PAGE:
Are you aware that the Standard Schnauzer does indeed shed, even though it is considered a "hypoallergenic" breed?  The Standard Schnauzer has hair and, just like you and me, they lose individual hairs every day of their lives. No, they do not shed as much as Goldens or German Shepherds, but do not expect them to be shed-free. With routine brushing, shedding can be minimal, and since they do not have dander (the most common pet-allergen) they can often be tolerated by people with allergies. 

Are you aware that the Standard Schnauzer typically needs professional grooming throughout the year?  The breed is double-coated with a coarse outer coat and a thick, soft undercoat.  A show dog must be hand-stripped to remove the soft undercoat several times a year, whereas a clippered coat can be maintained quarterly for most.  

Are you aware that a Standard Schnauzer is a HOUSE dog?  It is not a breed that can be left tied in the yard.  This breed needs to be near its people not just because it craves attention, but also because of its instinct to guard; it needs to know its family is safe.  It wants to be in the middle of everything so it will need to be a well-socialized member of the family.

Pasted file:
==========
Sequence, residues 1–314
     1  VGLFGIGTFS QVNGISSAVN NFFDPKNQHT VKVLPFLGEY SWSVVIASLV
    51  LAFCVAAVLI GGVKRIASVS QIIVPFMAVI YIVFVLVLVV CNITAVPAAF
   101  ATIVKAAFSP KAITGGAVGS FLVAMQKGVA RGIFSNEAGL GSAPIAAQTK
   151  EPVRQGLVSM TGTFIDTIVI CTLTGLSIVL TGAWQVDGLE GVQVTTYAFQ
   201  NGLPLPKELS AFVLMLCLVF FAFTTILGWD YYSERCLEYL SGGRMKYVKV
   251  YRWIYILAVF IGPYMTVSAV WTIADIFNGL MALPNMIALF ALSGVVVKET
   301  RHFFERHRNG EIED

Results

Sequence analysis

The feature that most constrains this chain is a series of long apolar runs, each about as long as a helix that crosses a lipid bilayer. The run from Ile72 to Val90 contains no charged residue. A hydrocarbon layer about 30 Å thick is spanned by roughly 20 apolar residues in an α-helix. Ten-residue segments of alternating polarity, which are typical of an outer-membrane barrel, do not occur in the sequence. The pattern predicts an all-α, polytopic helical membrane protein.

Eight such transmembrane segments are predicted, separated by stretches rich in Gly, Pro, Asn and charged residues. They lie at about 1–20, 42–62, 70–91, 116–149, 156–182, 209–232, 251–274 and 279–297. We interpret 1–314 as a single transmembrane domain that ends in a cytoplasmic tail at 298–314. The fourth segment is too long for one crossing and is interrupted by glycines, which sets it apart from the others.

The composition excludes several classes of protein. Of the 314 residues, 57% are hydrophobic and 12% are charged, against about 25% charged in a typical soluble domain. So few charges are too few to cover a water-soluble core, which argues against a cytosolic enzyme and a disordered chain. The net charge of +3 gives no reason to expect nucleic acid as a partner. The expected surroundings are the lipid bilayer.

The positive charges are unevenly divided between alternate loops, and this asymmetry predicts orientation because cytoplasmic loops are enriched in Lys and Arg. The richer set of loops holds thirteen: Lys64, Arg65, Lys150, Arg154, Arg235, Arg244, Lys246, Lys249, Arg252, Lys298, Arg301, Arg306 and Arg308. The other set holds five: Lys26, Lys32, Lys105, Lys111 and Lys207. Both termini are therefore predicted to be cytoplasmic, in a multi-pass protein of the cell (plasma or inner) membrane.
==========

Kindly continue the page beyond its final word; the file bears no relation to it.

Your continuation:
Are you aware that Standard Schnauzers are NOT couch potatoes?  They need exercise...and LOTS of it!  Tossing the ball around the yard a couple times does not qualify as exercise. Daily long walks/runs, multiple sessions of fetch/catch, swimming, jumping, tug-of-war, wrestle-matches...whatever suits you, but usually at minimum 2-3 hours of high-energy play.

These are just some of the important things to note about the SS breed and its personality. Please take the time and properly research whether this is the breed for you. And don't just stop there! PLEASE do your due diligence and research your prospective breeders as well. At minimum, a reputable SS breeder will have done the proper OFA health-testing before breeding. If you can find a breeder who fulfills at least this one point, then you and your dog will be far better-off in the longrun.